The romantic pictures of Scotland attract tourists to this day, mostly created by Walter Scott by hand through his works.

Walter Scott, a prominent novelist and poet of 19th century literature, has inspired tourists to visit Scotland early. Romantic images of Scotland still attract tourists to this day, mostly created by Scott. That is why, he is known as the inventor of the tourism industry here.

On a day at the end of October, Sarah Baxter, a British journalist, decided to go on a journey in the footsteps of Scott to visit places that stick with this famous character.

Baxter began the trip from Old Town, Edinburgh. In 1771, in the apartment on the third floor of College North, a small alley leading from Cowgate Street to the gate of the University of Edinburgh today, Walter Scott was born. Today, this area has been demolished, replaced by the large halls of the university. From the capital, female tourists travel south to the Borders Railway. Before the route was closed in the 1960s and partially reopened in 2015, it was called Waverley Lins – after Scott’s hugely popular novel.

The next female tourist destination is Peebles, a town located in the west with houses with traditional architecture. There is a dilapidated house here that has been rebuilt. Many believe it to be built on the tomb of St. Nicholas. Along the Tweed River, Baxter soon arrived at Neidpath Castle. Scott also visited the castle – the place that inspired him to compose the poem The Maid of Neidpath (The Maid of Neidpath). Standing from the castle, you can see the Manor valley in front of you, where the Tweed River has a gentle, flowing black water color.

Going east of the Tweed River is the town of Innerleithen. Most of the land here is owned by Traquair Estate, where royal hunting was established in the 12th century. The current estate has decreased significantly, but the fortified castle is located in the center of the estate. Today, it is known as the oldest house in Scotland, inside it contains many priceless artifacts such as ancient embroidery paintings to the bed of Queen Mary of Scotland. Here, visitors can visit the brewery, and enjoy cool beer. This is also the place where baron Scott once visited to meet female writer Lady Louisa Stuart. The next generation believes that the two secretly dated.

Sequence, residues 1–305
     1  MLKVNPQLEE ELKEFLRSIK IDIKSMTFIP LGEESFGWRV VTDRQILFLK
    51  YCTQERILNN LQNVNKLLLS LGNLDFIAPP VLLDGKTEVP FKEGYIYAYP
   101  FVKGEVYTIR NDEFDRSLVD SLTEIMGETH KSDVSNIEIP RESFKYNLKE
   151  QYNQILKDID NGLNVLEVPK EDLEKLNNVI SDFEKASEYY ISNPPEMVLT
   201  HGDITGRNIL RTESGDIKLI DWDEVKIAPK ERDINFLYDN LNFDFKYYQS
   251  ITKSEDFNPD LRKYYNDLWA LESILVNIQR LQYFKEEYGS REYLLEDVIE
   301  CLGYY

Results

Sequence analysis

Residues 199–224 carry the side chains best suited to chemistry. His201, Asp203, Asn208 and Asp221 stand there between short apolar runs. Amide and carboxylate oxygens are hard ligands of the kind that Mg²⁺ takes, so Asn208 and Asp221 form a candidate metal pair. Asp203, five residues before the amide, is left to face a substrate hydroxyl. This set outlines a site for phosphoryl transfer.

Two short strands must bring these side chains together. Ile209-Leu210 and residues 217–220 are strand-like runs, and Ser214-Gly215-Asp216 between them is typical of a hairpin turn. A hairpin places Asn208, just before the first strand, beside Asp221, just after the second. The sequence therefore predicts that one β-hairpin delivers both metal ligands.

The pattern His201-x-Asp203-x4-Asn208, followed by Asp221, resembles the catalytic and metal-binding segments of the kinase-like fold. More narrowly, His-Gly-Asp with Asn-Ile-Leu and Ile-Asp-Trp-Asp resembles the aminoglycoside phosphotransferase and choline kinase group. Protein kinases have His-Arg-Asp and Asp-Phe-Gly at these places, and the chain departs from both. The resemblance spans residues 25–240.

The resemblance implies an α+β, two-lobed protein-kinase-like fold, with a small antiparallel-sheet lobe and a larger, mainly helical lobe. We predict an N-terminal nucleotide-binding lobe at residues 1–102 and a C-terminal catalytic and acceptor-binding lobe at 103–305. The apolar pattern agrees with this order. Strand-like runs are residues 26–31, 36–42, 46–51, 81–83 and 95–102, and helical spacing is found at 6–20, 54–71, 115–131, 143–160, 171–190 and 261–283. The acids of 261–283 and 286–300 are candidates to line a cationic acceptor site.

The place that everyone is most eager to visit, including Baxer is the Abbotsford, a historic building and home to the great poet. Looking back, the castle is as beautiful as in a fairy tale setting.
“He’s the starter of Scotland’s tourism. Everyone wants to go see the places he’s written,” said Hamish, Baxter’s tour guide, introducing the celebrity as he guided visitors through the library. vast by Scott. This is the place to display his historical works.

Melrose Abbey, not far away, was one of Scott’s special favorites. He oversaw the restoration of this 12th-century ruin and included it in his novels, especially The Monastery, published exactly 200 years ago. Not far away is Eildon Hill, where there are beautiful steep mounds described by Scott as “the beautiful mountains”. Scott has gone away, but the romance he sowed on these stunning landscapes still attracts tourists.

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